• Top five considerations for ORF selection

    What to think about when ordering an ORF construct

    What's New - Getting the right ORF does not have to be difficult!

    With so many options available to you, how do you know how to pick the right clone(s) for your over-expression project? Whether you are planning to perform an RNAi rescue experiment or want to screen an entire pathway, selection of the right reagents can mean the difference between a smooth path to your next publication or months of frustration.

    1. Check the accession number

      Searching by Gene ID and Gene Symbol are great ways to find the most reagents for your gene, but don’t forget to check the accession number to ensure the clone you pick matches the nucleotide sequence and splice form you require.

    2. Select the best format for your needs

      Do you need an expression-ready lentiviral format? Are you planning to put the construct into different vectors and utilize it in multiple cell lines? These are the questions you need to ask to determine what is the right format for your experiments. If you want to be able to put the construct into many different vectors, a Gateway® compatible clone might be most helpful. On the other hand, if you need to develop a stable cell line, a lentiviral vector, or even premade lentiviral particles might save you considerable effort.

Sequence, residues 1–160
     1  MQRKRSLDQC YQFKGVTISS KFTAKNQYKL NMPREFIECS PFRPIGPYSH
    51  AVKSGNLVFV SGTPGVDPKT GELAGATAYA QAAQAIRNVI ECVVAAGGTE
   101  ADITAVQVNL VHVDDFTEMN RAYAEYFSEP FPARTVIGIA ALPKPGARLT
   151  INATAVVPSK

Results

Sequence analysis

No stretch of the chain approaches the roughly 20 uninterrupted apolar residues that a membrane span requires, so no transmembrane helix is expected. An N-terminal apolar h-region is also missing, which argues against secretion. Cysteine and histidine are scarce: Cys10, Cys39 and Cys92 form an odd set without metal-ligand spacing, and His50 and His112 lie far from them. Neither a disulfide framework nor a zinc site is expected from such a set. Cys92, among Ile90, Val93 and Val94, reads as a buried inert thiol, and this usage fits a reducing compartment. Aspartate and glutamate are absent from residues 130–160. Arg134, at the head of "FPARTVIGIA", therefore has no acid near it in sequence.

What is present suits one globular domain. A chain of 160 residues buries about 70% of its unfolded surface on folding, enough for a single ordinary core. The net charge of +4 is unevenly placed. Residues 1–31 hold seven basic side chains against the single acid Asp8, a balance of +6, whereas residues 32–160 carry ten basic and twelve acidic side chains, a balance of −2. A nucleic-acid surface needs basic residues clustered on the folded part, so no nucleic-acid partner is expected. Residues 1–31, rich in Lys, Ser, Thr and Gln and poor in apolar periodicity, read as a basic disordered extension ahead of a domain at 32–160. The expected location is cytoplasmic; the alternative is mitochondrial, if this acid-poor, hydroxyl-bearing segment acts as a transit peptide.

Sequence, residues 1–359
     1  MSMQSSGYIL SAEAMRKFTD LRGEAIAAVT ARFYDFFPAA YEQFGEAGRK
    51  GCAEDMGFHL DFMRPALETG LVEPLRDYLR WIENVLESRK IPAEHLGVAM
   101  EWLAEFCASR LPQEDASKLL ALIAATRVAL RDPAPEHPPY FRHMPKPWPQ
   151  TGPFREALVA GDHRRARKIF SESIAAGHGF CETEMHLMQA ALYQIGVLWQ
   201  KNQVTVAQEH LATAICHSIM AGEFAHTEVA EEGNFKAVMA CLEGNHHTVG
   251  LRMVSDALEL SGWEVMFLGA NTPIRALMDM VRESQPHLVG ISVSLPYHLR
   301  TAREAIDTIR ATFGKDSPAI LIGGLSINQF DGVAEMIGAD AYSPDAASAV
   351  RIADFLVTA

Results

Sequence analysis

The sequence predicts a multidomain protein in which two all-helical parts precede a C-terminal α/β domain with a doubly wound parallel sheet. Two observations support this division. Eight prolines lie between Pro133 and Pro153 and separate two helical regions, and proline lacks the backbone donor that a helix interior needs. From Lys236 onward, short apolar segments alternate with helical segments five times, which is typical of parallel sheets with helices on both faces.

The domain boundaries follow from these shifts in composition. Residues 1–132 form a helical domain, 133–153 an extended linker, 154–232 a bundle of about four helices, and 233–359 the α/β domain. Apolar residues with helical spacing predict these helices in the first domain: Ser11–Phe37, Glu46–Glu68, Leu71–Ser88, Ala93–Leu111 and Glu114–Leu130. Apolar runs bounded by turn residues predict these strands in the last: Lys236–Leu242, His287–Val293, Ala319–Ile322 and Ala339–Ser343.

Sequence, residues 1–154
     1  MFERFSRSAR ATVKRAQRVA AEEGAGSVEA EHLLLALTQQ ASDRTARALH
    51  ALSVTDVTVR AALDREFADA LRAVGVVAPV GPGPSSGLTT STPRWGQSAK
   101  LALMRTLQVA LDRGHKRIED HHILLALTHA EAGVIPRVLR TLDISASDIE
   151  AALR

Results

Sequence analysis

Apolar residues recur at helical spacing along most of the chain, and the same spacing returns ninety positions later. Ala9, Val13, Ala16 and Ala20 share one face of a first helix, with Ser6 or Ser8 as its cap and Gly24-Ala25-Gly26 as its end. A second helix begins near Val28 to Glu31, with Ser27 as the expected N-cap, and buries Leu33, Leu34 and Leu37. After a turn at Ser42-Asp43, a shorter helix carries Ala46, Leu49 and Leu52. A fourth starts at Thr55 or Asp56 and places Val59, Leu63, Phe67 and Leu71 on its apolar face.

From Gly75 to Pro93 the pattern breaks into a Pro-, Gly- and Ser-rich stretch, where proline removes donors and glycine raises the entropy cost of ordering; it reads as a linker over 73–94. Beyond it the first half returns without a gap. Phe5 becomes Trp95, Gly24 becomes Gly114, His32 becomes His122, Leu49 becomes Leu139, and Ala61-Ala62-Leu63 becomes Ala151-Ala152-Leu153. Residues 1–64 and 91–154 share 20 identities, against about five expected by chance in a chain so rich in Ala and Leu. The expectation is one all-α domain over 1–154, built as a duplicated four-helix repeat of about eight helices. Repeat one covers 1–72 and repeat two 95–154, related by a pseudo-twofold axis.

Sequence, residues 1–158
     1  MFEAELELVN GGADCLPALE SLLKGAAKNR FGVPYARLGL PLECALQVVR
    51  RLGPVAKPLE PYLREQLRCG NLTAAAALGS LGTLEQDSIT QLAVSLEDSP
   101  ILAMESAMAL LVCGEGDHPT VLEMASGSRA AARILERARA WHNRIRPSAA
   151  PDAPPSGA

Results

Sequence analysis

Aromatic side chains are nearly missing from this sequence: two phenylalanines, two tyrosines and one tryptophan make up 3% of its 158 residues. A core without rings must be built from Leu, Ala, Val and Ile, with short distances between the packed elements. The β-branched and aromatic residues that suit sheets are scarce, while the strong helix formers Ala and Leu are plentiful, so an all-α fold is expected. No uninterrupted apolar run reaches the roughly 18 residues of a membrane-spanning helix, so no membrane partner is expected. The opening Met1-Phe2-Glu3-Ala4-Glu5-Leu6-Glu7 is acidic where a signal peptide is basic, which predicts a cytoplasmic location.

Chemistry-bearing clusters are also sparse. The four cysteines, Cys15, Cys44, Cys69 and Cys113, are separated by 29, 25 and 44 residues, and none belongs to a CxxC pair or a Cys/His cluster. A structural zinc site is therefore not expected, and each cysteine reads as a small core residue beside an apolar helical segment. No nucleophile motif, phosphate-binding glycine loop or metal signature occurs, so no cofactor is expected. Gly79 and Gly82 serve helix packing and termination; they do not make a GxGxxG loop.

3. When multiple similar formats exist, choose the one that matches the most requirements

      You can always move the ORF from an entry vector into a specific destination vector or you can supplement your library with a similar format that contains unique constructs (e.g. supplement the ORFeome Collaboration Collection with selected Human ORFeome v8.1 clones.

    4. Sequencing

      Over-expression constructs are fully or partially sequenced by the source lab(s) that created the collection and are carefully monitored thereafter. However, even under the most ideal circumstances the constructs are subject to errors; it is always best practice to streak and sequence at least three colonies to ensure you are working with a pure population prior to beginning your experiments. A little work upfront can save a lot of frustration later.

    5. Know your scope

      How many clones do you require? Are you looking to examine just a few select genes, or are you trying to study a pathway, gene family, or even looking at a whole genome screen? Understanding your scope can help ensure you have the right resources in place, the right budget, and can plan your experiments properly to move forward as efficiently as possible. Knowing what you really need can ensure you are looking at the right collection options for both your short-term and long-term experimental requirements. For example; if you want to buy a larger library, but do not want to sub-clone, you probably want to look at a lentiviral format rather than an entry clone.

    • Bonus - Buying vs cloning

      One of the most important considerations in this decision is the cost of time. If a construct is available for purchase, it is a very simple process to order it and it will usually arrive within a few days to a week depending on where it has to be shipped. If one wants to clone a construct de novo, there are many steps including the design of primers, isolation of the gene region, cloning, and sequencing for confirmation. All of these steps take considerable time and resources away from what is, perhaps, a more experimentally valuable task.

    Additional Resources

     

Share: